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It was her first day at school in a brand new country. Mother had fussed over dressing Ilonka for this special occasion and she was dressed in the finest clothes they could provide from the country they’d been forced to flee. Traditional dress with all the embroidery and aprons that marked Ilonka as European stood out as she viewed herself in the mirror with pride.
Mother stood at the door with one of those proud smiles parents can be seen wearing as they watch their children at work or play. Only when Ilonka was completely satisfied with her appearance did she hold out her hand for her mother to lead her on to her new school.
Ilonka could hardly contain her joy. It had been so long since she’d attended elementary school in Europe and she’d missed the fun and games with her friends terribly. In her childish imagination she placed her new school, which she hadn’t yet seen, in a familiar setting with surrounding Black Forrest visible in the distance and the rolling green slopes on which animals grazed close by. The provincial language of her teachers intruded into her memory.
Concrete factory walls they passed as they walked did not fit into that scene, but Ilonka somehow imagined those unfamiliar and unfriendly walls would soon give way to the familiar scenery she longed for. But when they arrived at a gate in one of those concrete walls and walked inside she turned to her mother with a puzzled face. Where was her school, and why had they diverted to this place?
She looked around in alarm. Where were all the elementary students? There was no one dressed like her there. There were children in abundance in their sweat shirts and jeans playing around on the large campus inside the wall shouting to each other. Then almost as one they stopped what they were doing and stared at Ilonka as she made her way with mother to the administration block. They followed at a distance whispering and pointing. Ilonka began to feel very much out of place and turned pleading eyes to mother.
“Can we go home now?” Ilonka whispered.
Mother looked at Ilonka with compassion as she steered her into the administration building to attend to formalities.
Mother was used to this. War in Europe had pushed the family from one place to another constantly re-inventing their place in society and desperately trying to survive their dislocations. She’d hated the obligatory urgent move from one culture or one language area to another. She knew Ilonka was too young to understand how they’d somehow protected her within their own family culture through it all. She knew what was ahead for Ilonka, but it had to be faced. There was no alternative. She would have to now add English to the two languages she already understood and learn to fit in to this new culture. Ilonka was no longer a baby.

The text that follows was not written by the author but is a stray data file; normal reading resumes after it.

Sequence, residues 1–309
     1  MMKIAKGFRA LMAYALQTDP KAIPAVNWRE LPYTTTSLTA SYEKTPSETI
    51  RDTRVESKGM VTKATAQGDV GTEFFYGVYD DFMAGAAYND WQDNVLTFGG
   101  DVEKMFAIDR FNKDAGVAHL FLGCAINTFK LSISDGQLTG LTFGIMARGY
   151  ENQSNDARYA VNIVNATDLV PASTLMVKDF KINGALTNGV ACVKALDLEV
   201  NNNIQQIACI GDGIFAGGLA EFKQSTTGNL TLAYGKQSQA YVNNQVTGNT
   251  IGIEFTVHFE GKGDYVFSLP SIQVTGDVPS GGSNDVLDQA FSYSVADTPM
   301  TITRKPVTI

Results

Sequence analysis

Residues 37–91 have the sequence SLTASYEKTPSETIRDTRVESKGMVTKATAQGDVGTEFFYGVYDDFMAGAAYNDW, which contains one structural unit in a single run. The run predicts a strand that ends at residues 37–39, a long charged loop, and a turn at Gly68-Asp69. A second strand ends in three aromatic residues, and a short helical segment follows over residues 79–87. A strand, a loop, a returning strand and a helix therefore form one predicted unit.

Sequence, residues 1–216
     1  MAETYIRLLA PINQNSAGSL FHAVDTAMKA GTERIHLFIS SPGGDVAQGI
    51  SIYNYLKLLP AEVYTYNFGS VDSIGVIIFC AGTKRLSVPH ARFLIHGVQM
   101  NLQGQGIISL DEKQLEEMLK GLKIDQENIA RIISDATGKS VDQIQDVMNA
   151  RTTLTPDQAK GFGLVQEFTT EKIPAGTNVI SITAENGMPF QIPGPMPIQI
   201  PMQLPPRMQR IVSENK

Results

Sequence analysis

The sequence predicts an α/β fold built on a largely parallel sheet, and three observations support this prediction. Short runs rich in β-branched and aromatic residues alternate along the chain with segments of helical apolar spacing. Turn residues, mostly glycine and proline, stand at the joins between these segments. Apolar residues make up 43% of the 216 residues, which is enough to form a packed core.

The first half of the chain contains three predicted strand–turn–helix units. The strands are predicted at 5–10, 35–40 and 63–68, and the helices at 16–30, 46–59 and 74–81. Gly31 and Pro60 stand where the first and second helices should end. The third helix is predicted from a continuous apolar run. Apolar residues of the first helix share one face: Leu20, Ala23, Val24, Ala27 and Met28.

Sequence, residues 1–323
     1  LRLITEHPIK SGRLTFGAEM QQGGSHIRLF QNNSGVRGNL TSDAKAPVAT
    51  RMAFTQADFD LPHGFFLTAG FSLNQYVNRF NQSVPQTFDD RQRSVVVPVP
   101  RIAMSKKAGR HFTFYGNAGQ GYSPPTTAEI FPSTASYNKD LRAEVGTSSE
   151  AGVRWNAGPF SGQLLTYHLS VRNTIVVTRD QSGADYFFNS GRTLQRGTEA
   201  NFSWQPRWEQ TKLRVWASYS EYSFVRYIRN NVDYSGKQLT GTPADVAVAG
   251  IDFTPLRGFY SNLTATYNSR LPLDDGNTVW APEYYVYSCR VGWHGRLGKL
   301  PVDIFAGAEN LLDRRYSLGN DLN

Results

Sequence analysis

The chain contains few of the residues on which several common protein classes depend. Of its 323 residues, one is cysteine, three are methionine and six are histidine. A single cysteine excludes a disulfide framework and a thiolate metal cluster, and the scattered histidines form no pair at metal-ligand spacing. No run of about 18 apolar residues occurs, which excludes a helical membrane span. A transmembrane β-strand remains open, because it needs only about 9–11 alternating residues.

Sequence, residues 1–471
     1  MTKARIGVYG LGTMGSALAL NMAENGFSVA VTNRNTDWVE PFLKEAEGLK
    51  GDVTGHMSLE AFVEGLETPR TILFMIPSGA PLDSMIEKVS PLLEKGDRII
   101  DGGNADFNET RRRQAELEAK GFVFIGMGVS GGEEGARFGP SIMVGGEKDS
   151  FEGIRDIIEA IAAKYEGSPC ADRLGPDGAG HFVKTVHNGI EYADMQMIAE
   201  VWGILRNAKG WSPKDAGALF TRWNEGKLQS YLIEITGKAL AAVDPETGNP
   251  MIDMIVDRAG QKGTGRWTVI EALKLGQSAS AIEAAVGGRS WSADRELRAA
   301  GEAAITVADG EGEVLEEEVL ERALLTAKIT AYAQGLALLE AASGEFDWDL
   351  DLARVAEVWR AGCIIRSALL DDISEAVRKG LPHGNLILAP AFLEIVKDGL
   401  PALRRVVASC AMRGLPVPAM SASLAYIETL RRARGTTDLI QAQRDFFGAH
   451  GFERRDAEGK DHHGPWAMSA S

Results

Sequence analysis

In broken English mother explained the situation to the school head. The headmistress was a kind lady and promised to take personal interest in Ilonka’s well-being and entry into what she understood would be a terrifying experience. She spoke kindly to Ilonka who turned to look at her mother pleadingly to understand what was happening.
Mother could barely restrain her tears, but remained silent. This was something Ilonka had to work out herself. She knew it, the teacher knew it, but Ilonka didn’t.
With firm voice mother told her to listen to what the teacher told her. She’d be back to collect her after school was finished for the day. Half way across campus Mother finally broke down and tears flowed freely. The children gawked, pointed and laughed as she hurried through the gate.
The Headmistress had been through this experience before. A lot of migrants had come to this country from a devastated Europe. Language was the first barrier to their success in a new country and their children had suffered much in bridging years between no comprehension of what was going on in their school to comprehension and excellence.
The trauma of orientation caused some to drop out and spend the rest of their lives in unsatisfying roles in society. But most had used that trauma to seek skills more diligently than local children so they could rise above the laughter and gain the respect they craved. Later a grateful nation would acknowledge the value of their achievements.
Ilonka’s first years were so traumatic much of it was a black hole her memory could not later penetrate. She’d later remember though people laughing at her accent, her clothes, her food and customs. She remembered the initial shunning by school children, which was counteracted by the kindness of teachers.
But she’d also remember laughing at words in English which had much different connotations in her family language than her school teachers would have wished to communicate.
Her overall aim though was to assimilate and excel, and that she did.
“© Copyright Ian Grice 2013 All rights reserved”